During a debate on a statement made to the House of Commons on ‘Living with COVID-19’ on 22nd February 2022, the Bishop of Coventry asked a question on promotion of vaccine equity:
The Lord Bishop of Coventry: My Lords, thanks to the noble Lord, Lord Londesborough, earlier this afternoon your Lordships’ House considered the matter of global vaccine equity, and my sense was that, in many among the House, there was a feeling that more could be done on that front. Would the Leader say whether the Government also feel that more might be done to ensure vaccine equity in the UK itself, as an expression of the noble and laudable commitment to levelling up?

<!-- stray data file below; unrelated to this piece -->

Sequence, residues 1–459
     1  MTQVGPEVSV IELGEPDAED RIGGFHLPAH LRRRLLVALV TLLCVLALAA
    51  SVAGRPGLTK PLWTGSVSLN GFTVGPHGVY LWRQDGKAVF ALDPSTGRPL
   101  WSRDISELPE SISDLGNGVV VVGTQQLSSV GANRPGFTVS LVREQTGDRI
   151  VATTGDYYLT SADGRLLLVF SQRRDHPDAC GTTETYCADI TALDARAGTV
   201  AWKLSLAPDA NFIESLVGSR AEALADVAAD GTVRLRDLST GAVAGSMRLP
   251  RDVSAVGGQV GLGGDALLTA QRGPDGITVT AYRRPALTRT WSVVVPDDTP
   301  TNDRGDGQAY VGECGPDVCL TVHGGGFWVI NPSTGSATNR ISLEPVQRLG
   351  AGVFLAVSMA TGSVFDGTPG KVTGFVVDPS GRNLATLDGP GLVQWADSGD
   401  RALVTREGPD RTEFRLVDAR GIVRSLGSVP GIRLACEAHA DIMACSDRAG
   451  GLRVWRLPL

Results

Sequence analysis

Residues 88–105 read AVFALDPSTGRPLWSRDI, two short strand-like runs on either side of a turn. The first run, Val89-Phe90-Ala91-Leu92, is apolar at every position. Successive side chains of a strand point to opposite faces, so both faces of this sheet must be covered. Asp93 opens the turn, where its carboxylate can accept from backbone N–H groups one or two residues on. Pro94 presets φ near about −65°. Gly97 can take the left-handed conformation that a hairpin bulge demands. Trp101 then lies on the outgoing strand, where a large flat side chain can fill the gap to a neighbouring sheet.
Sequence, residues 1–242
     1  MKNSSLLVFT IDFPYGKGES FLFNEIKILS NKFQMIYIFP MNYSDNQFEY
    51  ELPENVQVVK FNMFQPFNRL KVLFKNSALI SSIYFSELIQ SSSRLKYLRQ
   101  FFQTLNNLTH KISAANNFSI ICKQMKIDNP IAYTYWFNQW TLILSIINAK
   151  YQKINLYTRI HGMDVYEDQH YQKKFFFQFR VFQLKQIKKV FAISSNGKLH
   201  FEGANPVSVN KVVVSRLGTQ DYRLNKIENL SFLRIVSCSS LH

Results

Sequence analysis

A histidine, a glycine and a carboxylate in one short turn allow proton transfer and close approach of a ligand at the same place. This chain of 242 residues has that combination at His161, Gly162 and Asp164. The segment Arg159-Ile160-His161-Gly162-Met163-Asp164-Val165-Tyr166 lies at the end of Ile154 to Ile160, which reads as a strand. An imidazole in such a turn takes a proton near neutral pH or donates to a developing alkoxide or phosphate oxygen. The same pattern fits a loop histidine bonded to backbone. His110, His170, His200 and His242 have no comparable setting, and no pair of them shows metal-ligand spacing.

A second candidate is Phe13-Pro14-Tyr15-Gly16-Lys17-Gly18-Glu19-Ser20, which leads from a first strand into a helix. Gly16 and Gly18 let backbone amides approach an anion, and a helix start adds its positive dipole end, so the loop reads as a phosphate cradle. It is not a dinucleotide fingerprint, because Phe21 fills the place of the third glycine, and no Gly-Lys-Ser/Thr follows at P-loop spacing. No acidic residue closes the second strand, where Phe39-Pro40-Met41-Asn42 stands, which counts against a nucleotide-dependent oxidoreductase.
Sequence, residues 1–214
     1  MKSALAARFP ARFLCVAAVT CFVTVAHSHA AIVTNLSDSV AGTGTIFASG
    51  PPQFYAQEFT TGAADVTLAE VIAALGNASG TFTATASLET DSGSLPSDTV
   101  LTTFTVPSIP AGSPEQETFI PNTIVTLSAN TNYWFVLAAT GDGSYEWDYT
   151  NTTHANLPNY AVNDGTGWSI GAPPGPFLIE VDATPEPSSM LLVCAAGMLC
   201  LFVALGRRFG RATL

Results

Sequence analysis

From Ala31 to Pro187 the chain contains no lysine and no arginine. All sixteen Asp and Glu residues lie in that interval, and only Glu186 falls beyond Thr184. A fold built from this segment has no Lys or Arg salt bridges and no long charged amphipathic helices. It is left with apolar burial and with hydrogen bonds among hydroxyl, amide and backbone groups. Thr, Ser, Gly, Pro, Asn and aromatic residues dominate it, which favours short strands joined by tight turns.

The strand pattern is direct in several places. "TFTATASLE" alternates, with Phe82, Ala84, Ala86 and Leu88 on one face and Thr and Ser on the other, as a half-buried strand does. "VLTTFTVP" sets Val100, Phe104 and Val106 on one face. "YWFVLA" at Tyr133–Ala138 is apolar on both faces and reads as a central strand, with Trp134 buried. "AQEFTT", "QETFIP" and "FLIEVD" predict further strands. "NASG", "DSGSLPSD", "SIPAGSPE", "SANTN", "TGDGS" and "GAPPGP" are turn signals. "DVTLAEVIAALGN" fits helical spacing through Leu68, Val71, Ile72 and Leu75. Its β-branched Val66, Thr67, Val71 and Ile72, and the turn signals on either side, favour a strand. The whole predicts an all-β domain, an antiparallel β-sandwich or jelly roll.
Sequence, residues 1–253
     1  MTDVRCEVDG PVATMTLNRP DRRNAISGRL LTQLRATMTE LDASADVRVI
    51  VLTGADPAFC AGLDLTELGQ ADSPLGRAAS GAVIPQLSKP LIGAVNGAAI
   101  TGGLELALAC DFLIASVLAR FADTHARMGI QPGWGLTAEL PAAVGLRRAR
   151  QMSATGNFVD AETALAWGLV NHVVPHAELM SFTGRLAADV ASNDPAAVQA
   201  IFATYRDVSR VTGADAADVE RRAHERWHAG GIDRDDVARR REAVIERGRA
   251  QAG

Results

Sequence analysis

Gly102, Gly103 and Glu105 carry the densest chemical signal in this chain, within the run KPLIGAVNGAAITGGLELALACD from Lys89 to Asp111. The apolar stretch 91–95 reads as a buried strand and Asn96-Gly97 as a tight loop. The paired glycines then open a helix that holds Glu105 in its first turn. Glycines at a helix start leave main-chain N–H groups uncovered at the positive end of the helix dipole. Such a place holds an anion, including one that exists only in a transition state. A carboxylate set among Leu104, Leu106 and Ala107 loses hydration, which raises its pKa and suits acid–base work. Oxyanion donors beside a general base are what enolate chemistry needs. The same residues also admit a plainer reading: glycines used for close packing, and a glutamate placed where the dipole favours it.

The Bishop of Durham received the following written answer on 21st February 2022:
The Lord Bishop of Durham asked Her Majesty’s Government whether UK donations of COVID-19 vaccinations to other countries ever have conditions attached to the donation; and if so, what conditions have been placed on donations.
On 17th June 2021 MPs put questions to Andrew Selous MP, Second Church Estates Commissioner. Text of the oral and written answers is below.
Martin Vickers (Cleethorpes) (Con): Whether the Church of England plans to support online and in-person communal worship as covid-19 restrictions are lifted. (901321)
The Second Church Estates Commissioner (Andrew Selous): The Church of England is strongly encouraging churches to support both in-person and online communal worship, and training has been given to thousands of clergy to enable this. It is up to local churches to decide how best to do this.